There was so much excitement and enthusiasm it was hard to decline the offer, and so I didn't.
I was the "one man band" for everything design for the company.

As the journey began I noticed a few things, here are the most prominent ones as a designer....

1 | Change is your friend

I had to accept that as a designer the first "draft" of a design, or the first proposed design is just that. It's a draft, it's proposed. No design is ever going to get sign off straight away, there is always a process of "design -> feedback -> amend -> review".  That process can seem endless sometimes and therefore it's important to embrace that change is your friend.  The sooner I learnt to accept that, the happier my startup working life. That leads me to the second point.

2 | It's all go go go

As a designer it's great to be able to check out the design world and see what's going on on twitter or dribbble.  But I had to have time for that.  Being the be all and end all of things design means I was all hands on deck.  I dove right in and got down to the nitty gritty.  Although the job description said "X", trust me, I was doing "X, Y, Z, A, B and C".. and that was all at once as well. 

3 | Learning on the job!

Variety is the spice of life, or so they say, right? Well seen as it's all "go go go" sometimes the learning curve is really steep. Because it's steep I ended up creating numerous designs for a variety of mediums.  I was doing website designs for one thing, iPhone app designs for another, icon designs for part of the companys brand visuals, and creating media kits and reports too.  I also lended a hand to front end coding some of the designs I was creating! (I can code by the way I wasn't just "doing it"!)  It was great as no day was the same and I was never bored. It also meant that I had lots of experience working on a vast range of designs within a short period of time.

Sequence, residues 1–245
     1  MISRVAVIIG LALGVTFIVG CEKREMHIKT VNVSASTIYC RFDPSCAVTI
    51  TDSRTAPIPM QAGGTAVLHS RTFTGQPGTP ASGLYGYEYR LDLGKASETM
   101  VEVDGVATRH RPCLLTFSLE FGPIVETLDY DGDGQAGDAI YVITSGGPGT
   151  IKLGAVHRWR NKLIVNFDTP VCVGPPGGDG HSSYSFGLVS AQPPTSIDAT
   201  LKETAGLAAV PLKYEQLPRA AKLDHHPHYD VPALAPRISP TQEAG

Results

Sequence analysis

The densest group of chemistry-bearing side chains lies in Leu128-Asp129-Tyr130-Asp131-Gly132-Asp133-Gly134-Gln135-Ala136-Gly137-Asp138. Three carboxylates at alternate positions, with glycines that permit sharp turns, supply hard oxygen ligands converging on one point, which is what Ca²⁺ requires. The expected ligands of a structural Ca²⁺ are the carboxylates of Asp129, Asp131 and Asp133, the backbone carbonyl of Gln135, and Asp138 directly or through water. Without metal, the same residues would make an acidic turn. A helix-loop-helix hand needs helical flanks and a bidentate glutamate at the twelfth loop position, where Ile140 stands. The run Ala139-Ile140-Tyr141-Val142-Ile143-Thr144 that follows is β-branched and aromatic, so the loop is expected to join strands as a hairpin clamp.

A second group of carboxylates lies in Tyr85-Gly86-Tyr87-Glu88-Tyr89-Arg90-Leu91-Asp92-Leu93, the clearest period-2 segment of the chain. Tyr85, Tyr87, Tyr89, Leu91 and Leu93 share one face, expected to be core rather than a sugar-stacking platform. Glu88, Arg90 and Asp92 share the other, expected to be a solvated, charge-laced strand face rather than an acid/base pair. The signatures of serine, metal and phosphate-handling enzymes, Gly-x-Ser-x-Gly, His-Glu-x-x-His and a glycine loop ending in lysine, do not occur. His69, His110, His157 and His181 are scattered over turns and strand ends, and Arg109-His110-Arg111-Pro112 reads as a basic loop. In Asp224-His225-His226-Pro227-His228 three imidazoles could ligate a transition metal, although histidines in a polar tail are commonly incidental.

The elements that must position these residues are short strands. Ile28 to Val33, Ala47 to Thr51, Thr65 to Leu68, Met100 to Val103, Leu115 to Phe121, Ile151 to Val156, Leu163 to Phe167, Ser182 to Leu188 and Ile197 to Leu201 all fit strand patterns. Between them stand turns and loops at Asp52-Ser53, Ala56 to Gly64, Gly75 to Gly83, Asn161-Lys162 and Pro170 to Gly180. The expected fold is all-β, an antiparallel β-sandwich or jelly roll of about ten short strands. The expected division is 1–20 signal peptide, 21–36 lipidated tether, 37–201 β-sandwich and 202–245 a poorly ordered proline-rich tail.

4 | Take a break

I've never been good at doing this.  I learnt to actually force myself to step away and blink.  It's so easy to just keep going and end up sitting at your desk from 8.30am all the way through to 6pm!  Obviously my bladder often reminded me that I needed to take a break too, but I needed to make it more of a habit than not.

5 | All good things come to an end

With all the benefits that come with a startup there was bound to be a catch, right..? no pension scheme, health insurance, company maternity pay, are just a few of them.  It can be hard to one day be working like crazy to the next then realise that you may not have a job to get up and go to.  That's the reality of startups. They can quite quickly become "shut-downs".  That's why I found that it's ever important to know exactly what you are getting yourself in for.  It's your responisilbity to measure the risk and make your decisions.

 

These are the 5 key things I learnt from working at a startup.  It was great fun and I loved every second of it.  Would I do it again? - YES!... and thats why I love creating, designing everything for small businesses. It's the whole package. The up and the down, the busy and the quiet (well less quiet).  
Why not check out my work and my packages to see if I would be a great fit for your startups' vision.

 

Have you worked for a startup? What are your thoughts? I'd love to hear about your experiences!